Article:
Acoustic Guitar Strings: Guide & Reviews

Acoustic Guitar Strings Guide to acoustic guitar strings: Know what materials are used to make these, and the best options that are available to you.


If you own a hollow body acoustic guitar, six or twelve strings, you will need to keep some spare strings. The type of string will depend on whether you are using an acoustic or a classical one.

The classical one use nylon strings that produce a mellow sound, compared to the steel ones. Besides, these do not come with the supportive truss rod, in the neck portion, which makes them ill-equipped to support the high tension steel core strings.

As far as the acoustic guitar is concerned, the material of choice is usually steel or alloys (mix of different metals). These also differ in their gauges or the thickness of the strings.

Materials Used

You might think that most acoustic guitars commonly use “steel strings” (and its right, they do have steel cores), but the wound strings will almost always be wound with bronze. Acoustic guitar strings are either phosphor bronze (provides a warm tone and sustains the tone a bit longer) or it can be 80/20 bronze (sounds a bit brighter and loses its brightness a bit faster).

Some of the popular options for strings are:

  • Bronze (80% of copper to 20% of zinc or tin): Produces bright sounds with clear ring, but not very durable.
  • Phosphor and bronze acoustic (92% to 8% or 85% to 15%): The bronze makes the sound brighter, more durable as good resistance to corrosion, preferred by most players.
  • That is why those acoustic strings don’t actually look steel colored.

    String Gauge

    Gauge refers to the thickness of the strings. You have options of light, super light, extra super light, medium, heavy and extra heavy gauges. What you choose will depend on what style of music you prefer to play.

    Beginners should ideally choose the lighter guitar strings as they are easier to play, and hurt less.

    However, the thinner strings don’t sound as loud, full, and bright as the heavier/thicker ones though. The thicker ones are good for strumming but require more strength, and that is why the experienced players use it more.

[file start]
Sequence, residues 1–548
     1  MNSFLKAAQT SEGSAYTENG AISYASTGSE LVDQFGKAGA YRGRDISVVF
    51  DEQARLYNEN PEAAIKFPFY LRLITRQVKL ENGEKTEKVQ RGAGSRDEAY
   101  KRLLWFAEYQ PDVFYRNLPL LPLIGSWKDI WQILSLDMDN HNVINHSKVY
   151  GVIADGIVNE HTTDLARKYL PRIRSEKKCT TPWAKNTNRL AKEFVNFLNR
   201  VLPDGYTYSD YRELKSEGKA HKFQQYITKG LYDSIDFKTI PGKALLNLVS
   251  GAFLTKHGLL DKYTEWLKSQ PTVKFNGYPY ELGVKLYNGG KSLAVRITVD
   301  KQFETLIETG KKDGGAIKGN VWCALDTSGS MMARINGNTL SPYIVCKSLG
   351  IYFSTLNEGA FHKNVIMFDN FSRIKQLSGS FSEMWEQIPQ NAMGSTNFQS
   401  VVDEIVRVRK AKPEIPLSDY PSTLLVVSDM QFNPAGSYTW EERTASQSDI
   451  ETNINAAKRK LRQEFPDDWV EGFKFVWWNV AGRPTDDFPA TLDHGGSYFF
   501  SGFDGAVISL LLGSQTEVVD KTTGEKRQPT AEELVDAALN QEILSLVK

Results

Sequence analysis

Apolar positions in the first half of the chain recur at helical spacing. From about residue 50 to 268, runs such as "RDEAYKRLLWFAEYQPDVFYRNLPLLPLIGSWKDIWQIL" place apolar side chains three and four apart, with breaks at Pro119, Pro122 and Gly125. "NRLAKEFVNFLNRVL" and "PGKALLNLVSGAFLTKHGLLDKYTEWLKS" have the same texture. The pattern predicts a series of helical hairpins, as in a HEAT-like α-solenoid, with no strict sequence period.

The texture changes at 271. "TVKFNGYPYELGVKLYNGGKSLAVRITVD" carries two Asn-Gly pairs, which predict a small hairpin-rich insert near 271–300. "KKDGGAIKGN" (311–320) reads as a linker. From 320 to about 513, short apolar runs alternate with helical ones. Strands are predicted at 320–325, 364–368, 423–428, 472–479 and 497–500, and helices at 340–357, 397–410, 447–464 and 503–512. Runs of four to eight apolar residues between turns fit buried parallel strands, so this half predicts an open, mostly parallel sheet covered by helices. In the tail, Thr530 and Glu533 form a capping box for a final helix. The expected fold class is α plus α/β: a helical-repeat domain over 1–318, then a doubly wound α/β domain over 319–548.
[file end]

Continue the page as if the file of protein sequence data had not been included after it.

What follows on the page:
These are some of the factors to keep in mind when selecting acoustic guitar strings.

    Best Acoustic Guitar Strings

    D’Addario EJ16-3D Phosphor Bronze Acoustic Guitar Strings, Light, 3 Sets

    Guitar players love the D’Addario EJ16-3D phosphor bronze strings for their rich and warm tone, strongly built, and with this 3-pack you get a killer deal on these excellent strings!

    These strings tend to get mellower over time, as you play more. If these strings sound too bright initially, they should develop into a nice warm sound in a few days time. Another good thing about the D’Addario EJ16 is that it has color coding on the ball ends. This is useful for beginners, as it makes identifying the strings and restringing much easier.

    Elixir Strings Acoustic 80/20 Bronze Guitar Strings with NANOWEB Coating (.012-.053)

    You get a bright and lively tone from the Elixir Strings Acoustic 80/20 Bronze with NANOWEB coating. Designed for consistent performance, and feels smooth. Elixir Strings are coated with an ultra-thin coating to protect the entire string. The Anti-Rust Plated Plain Steel Strings also resists tone-deadening corrosion, ensuring longer life for the entire set.

    The tones are softer and brighter, and the good thing about the Elixir Nanoweb strings is their consistency; they sound great when you buy them new, and sound similar few months later as well.

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